Once you have determined the length and width of the layout you wish to construct – and - having made certain it will fit the space you have available, you’ll also need to buy…

  1. Enough 1 x 4’s, 2 x 4’s (minimum 8 foot lengths of good, sound, with few or no knots) to construct the table or to use as braces and support pieces under the racing surface.
  2. Enough sheets of 4’ x 8’ x ½" medium density fiberboard to build the racing surface and to construct the adjustable legs. (See Illustration #1)
  3. Enough sheets of 4’ x 8’ x ¼" and 4’ x 8’ x ½" plywood to build your side/retaining walls on both sides of the track all the way around the layout.
  4. ½" x 4" bolts, nuts and large (1.5") steel flat washers to connect track sections together. Figure 3 bolts (with two large flat washers per bolt) for each end. Bolts should have hex-heads to fit ratchet, box, or open-ended wrench. These have to be long enough to go through pre-drilled ½" holes in the 2" x 4" joint braces. The holes will be in 3" from each side with one in the middle. These 2" x 4" pieces should be pre-cut, pre-drilled, and assembled with the bolts, washers and nuts, then final trimmed as one piece on your table saw so top edge of both joint pieces are ultra smooth.
  5. ½" x 3" bolts, nuts and large (1.5") steel flat washers to connect adjustable legs to underside of track. (See Illustration #2.) NOTE: Not shown on illustration…The leg pieces which fasten at the junction of two sections of track will have to be notched for access to the center bolt, nut and washer used to connect the two sections together.
  6. You will probably need two quarts to a gallon of yellow carpenter’s glue, a small pan, and 3" roller to apply glue to braces which are fastened and screwed to the racing surface as well as the side walls to the bracing.
  7. Plenty of large trash cans, waste baskets, and 3-ply, heavy-duty liners to place in them. (You also need a nearby Dumpster or have access to a local landfill!)
  8. Paint for the surface. There are numerous coatings that work well on slot car racing surfaces. The current thinking in some quarters is the use of water-base Latex paint. Since latex is "rubber" and so are slot car tires, traction is easily obtained. Some folks like to use epoxy and we’ve had good luck with a water-based, two-part epoxy available through Grainger. You will only need the "primer" hardener since you’ll be painting wood and not metal. Don’t buy the "finish" hardener…you don’t need it. Some tracks are painted with enamel, which creates a "hard" surface, and we’ve also seen tracks - once the color-coding has been put on the lanes - coated again with a clear polyurethane or epoxy. This prevents anything from seeping through the surface and getting down into the wood. (The old joke about original American Model Raceways track surfaces was that they were so porous and glue-soaked that if you were to burn one the blaze would last for at least two weeks!)
  9. Paint rollers, pans, and PLENTY of rags you can throw away when you’re done.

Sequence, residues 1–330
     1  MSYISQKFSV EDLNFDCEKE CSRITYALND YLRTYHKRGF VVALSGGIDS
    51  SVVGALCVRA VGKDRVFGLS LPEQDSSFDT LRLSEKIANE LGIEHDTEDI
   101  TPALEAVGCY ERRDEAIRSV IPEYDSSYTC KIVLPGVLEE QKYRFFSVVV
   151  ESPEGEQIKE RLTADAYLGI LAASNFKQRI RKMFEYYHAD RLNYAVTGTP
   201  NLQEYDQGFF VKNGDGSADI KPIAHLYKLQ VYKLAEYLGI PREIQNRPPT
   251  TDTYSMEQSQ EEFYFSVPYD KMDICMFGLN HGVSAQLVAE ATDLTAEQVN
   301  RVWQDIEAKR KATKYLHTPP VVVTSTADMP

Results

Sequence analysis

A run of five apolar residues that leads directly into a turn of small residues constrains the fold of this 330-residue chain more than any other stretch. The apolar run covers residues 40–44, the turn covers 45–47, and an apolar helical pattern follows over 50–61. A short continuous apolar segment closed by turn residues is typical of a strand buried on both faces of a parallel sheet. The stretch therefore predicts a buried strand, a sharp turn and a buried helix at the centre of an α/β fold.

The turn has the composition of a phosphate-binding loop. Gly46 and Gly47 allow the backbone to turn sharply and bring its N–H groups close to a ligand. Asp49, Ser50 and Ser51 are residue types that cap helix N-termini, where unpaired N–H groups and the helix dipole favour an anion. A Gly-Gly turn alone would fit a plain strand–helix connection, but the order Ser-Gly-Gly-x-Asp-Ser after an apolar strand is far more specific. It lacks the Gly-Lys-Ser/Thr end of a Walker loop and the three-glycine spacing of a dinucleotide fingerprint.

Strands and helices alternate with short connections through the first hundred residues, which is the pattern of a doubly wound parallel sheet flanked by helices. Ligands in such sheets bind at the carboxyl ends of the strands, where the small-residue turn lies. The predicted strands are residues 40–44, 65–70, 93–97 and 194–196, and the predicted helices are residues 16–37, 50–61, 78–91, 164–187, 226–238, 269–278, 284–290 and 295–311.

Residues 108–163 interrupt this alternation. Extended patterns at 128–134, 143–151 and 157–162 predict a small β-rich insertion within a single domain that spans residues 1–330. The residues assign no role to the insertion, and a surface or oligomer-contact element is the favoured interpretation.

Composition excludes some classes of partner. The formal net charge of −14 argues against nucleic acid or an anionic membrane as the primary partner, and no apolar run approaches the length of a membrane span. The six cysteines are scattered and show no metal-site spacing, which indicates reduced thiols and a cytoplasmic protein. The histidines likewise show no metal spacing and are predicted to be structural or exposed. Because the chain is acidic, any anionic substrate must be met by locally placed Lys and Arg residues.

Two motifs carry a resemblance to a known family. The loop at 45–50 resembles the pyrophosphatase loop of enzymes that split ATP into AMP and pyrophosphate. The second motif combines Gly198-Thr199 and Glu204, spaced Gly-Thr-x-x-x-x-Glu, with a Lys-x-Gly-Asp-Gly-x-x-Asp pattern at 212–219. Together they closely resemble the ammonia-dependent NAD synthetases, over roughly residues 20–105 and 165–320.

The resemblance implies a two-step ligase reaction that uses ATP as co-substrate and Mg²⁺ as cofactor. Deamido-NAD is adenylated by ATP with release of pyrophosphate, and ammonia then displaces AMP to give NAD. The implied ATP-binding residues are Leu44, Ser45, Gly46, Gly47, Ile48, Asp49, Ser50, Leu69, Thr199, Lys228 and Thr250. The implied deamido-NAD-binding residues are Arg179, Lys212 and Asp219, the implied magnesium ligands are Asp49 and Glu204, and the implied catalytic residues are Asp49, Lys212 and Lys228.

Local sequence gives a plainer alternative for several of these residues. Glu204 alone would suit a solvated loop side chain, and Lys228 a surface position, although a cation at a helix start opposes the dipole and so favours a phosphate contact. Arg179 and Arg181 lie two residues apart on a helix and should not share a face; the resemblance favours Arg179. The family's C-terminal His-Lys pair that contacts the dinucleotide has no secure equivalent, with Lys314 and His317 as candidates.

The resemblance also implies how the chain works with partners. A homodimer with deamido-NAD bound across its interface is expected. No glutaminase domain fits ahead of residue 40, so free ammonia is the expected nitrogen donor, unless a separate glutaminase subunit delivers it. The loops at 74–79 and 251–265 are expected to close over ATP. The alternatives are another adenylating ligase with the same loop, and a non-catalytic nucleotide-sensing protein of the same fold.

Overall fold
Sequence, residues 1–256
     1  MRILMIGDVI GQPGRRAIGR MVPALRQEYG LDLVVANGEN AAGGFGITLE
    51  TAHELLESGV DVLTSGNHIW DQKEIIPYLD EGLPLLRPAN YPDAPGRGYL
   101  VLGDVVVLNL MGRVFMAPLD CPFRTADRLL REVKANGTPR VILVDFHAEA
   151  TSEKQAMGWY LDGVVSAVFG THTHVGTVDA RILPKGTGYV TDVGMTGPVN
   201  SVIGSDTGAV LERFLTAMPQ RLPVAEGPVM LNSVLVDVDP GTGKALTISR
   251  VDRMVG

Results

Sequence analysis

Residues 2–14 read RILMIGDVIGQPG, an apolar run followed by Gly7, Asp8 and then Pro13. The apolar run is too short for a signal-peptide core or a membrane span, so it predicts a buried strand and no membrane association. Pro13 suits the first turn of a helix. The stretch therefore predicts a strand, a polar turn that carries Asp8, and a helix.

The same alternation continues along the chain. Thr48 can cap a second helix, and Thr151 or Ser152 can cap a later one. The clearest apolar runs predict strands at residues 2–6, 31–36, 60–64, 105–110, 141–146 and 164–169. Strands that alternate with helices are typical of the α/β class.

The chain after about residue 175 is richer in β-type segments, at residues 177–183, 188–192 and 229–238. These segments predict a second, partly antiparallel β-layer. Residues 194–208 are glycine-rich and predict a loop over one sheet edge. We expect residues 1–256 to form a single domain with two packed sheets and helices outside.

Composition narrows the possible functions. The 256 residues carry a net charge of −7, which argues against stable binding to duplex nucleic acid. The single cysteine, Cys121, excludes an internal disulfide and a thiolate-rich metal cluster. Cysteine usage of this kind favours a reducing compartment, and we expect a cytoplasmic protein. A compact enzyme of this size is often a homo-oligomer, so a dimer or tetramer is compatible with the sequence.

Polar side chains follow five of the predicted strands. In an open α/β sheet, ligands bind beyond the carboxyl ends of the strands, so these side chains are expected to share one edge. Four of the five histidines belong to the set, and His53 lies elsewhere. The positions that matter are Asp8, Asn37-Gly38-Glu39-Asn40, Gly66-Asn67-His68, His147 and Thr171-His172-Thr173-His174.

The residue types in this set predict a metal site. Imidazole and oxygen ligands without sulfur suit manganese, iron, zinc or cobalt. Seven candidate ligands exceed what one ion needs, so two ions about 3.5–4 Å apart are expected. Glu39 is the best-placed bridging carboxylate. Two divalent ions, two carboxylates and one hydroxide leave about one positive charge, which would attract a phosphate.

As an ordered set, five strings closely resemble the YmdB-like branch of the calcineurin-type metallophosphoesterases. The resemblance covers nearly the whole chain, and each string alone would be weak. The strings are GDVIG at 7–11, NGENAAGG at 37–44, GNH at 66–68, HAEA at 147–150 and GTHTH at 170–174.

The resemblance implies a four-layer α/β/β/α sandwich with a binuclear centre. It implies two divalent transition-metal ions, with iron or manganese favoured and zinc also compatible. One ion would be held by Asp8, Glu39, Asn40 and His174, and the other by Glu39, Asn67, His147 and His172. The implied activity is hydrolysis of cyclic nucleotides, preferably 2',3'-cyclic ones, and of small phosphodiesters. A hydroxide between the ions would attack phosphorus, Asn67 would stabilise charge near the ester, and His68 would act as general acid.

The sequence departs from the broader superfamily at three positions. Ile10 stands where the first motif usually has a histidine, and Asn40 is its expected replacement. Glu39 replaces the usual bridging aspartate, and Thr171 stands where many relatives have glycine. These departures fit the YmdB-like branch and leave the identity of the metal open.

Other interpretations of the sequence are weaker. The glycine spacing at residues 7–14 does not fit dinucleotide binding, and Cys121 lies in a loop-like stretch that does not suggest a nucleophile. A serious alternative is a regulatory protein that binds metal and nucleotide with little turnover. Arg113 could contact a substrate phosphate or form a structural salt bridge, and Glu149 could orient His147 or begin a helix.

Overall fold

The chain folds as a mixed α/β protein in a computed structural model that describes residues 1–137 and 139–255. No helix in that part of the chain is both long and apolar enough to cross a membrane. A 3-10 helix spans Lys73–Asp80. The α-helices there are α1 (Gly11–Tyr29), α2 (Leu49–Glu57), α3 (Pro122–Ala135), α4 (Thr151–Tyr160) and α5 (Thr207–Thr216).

10. Some type of gloss or semi-gloss enamel or similar to paint the side walls. While you don’t have to do it, especially if you "hang" some type of opaque, plastic "curtain" around the track, it looks nicer if you also paint the legs. These can easily be spray-painted with the same paint you use on the racing surface. Should you elect to use a lighter color on the track surface - gray, light blue, or even white - then spray paint the legs black. Slot car tracks aren’t moved very often, and dust and debris can collect under them faster than under your bed at home! To keep your place looking neat and tidy, either curtain off the areas that people can easily see, or vacuum under your track(s) every so often. If you hang plastic material from the bottom of the retaining wall to the floor, in effect hiding the underside of tracks and the legs, these areas can also be used for storage of boxes and items not used regularly.
  11. Even though you don’t need it right now, at least put these items on a list of things to buy later. FOR TRACK CLEANING: The method used for years has been Coleman lantern fuel or Naphtha. However a new product came on the market in January, 2000. It’s called "Daddyo’s" and available through distributors or by calling Kelley Allen or Dennis Demole at The Raceway in Merritt Island, Florida – 321-639-0303 or e-mail info@theraceway.com. You will also need at least one gallon of lacquer thinner. Keep naptha, Coleman fuel and especially lacquer thinner well away from any spark or fire!! Lacquer thinner fumes are lethal and highly flammable!
  12. Wire by the mile. You’ll need track hookup wire that needs to be a minimum of 10 gauge. The common (or ground wire) can be 8 gauge, although we’ve seen tracks that used huge battery cable the thickness of your thumb! You’ll have to figure how much "tap" wire you need and it should all be at least 10 gauge. All taps are recommended to be the same length, regardless of how far away or near the hookups are to the power source.